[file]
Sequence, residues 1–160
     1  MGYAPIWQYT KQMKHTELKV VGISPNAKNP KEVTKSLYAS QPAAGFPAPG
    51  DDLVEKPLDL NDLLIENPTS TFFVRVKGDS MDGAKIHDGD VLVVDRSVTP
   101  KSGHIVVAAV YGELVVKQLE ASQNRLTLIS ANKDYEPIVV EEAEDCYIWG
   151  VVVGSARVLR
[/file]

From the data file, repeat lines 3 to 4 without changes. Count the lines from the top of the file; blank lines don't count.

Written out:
    51  DDLVEKPLDL NDLLIENPTS TFFVRVKGDS MDGAKIHDGD VLVVDRSVTP
   101  KSGHIVVAAV YGELVVKQLE ASQNRLTLIS ANKDYEPIVV EEAEDCYIWG